Boating season kicked off on May 5, signaling months of fun ahead for everyone who loves to get out on the water. Most recreational boaters know how to keep themselves safe, but every year accidents and fatalities occur. The 4,291 boating accidents reported by the U.S. Coast Guard in 2017 resulted in 658 deaths, 2,629 injuries, and $46 million in property damage.

Melanie Bakala State Farm car
While many people think about car safety, boat safety is often overlooked. State Farm agent Melanie Bakala (pictured) wants to make sure everyone has a safe summer.

To avoid becoming one of those statistics, it’s important to prepare in advance and make sure you have the proper equipment. “Cruising on the water in the summer can be fun and create great memories,” says State Farm Agent Melanie Bakala.  “But taking a few minutes to make sure you are safe can help you enjoy the water all summer long.”

One of the key pieces of gear, not surprisingly is a life jacket. Among those who drowned during accidents, 84.5 percent were not wearing one. Here are some other essential items to carry with you:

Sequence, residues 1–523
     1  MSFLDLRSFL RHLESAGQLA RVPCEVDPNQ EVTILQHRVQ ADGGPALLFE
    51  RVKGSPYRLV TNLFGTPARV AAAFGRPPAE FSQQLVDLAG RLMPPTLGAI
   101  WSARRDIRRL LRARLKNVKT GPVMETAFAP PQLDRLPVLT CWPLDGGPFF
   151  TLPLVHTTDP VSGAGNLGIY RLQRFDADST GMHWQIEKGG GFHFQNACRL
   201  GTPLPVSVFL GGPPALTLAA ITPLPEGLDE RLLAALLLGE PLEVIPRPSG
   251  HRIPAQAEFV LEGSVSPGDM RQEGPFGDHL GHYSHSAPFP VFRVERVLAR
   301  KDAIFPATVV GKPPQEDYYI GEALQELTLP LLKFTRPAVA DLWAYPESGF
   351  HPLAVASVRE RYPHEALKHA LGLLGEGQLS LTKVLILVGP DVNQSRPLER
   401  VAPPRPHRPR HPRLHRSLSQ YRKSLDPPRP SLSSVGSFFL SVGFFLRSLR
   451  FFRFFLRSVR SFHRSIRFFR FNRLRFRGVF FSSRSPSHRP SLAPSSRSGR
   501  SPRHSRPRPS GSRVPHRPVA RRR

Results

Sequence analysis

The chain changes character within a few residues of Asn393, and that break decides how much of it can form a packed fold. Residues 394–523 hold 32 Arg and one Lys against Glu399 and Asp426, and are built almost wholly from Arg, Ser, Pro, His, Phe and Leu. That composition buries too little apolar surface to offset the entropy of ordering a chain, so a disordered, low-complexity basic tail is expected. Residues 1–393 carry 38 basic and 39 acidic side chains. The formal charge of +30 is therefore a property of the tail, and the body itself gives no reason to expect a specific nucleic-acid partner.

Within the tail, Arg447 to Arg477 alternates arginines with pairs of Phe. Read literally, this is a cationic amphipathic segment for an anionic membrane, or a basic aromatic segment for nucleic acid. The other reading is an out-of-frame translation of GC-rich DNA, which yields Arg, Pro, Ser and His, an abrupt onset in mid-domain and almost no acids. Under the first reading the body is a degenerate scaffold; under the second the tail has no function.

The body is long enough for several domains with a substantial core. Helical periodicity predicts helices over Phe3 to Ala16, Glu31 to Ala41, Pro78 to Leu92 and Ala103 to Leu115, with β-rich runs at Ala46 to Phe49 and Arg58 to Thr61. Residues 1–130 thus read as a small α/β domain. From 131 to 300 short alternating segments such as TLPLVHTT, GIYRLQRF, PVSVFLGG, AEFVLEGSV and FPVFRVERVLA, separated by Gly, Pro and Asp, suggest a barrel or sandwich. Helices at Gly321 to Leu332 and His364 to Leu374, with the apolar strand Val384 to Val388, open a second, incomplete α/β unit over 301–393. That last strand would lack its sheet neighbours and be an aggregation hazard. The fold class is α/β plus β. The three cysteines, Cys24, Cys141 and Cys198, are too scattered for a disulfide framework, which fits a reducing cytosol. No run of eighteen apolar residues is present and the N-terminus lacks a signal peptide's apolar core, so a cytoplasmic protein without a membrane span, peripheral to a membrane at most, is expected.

What to wear:

  • US Coast Guard approved life vest for every rider which must be worn. Larger boats (not PWC’s) must just have them onboard
  • Water shoes to protect your feet
  • Gloves to protect your hands
  • Waterproof sunscreen
  • Sunglasses
  • Depending on weather and water conditions, possibly a wetsuit or even a dry suit if conditions dictate.

Other items to have on board:

  • Signaling devices – visual and sound. Examples would be a whistle and a small mirror
  • Fire extinguisher
  • First aid kit
  • A small anchor
  • A length of mooring line in case of needing to tie off to another machine for a tow, preferably a floating line so if dropped it doesn’t sink
  • Melanie Bakala State Farm Boating
    A life jacket is one of the keys to having a safe and fun time while boating. Photo courtesy:

    Navigation lights if the machine is going to be used at night or in low light conditions

  • A dry bag to store important items, such as papers and cell phones
  • Ignition safety lanyard must be worn so if you are thrown from the machine, the engine is disabled and stops
  • Depending on the area where the machine is operated, a compass
  • A small paddle or oar
  • Depending on the waterway, possibly charts for navigation

Another way to prepare in advance is to check on your insurance coverage before leaving shore, says Bakala. “Contact your insurance agent to review your plan and make sure you have the protection you need,” she adds.

Melanie Bakala has offices in both Shelton and Lacey. Learn more by visiting her State Farm Agent website or calling 360-426-2428 (Shelton) or 360-972-7905 (Lacey).


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